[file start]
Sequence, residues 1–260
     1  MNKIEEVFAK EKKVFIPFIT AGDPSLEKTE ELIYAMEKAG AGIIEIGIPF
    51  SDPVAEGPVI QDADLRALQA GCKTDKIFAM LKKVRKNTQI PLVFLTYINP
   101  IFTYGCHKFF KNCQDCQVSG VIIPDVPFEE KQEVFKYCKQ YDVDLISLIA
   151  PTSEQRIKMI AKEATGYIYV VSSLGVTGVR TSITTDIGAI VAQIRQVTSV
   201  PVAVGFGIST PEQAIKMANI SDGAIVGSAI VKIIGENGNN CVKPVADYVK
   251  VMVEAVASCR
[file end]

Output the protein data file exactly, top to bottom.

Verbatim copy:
Sequence, residues 1–260
     1  MNKIEEVFAK EKKVFIPFIT AGDPSLEKTE ELIYAMEKAG AGIIEIGIPF
    51  SDPVAEGPVI QDADLRALQA GCKTDKIFAM LKKVRKNTQI PLVFLTYINP
   101  IFTYGCHKFF KNCQDCQVSG VIIPDVPFEE KQEVFKYCKQ YDVDLISLIA
   151  PTSEQRIKMI AKEATGYIYV VSSLGVTGVR TSITTDIGAI VAQIRQVTSV
   201  PVAVGFGIST PEQAIKMANI SDGAIVGSAI VKIIGENGNN CVKPVADYVK
   251  VMVEAVASCR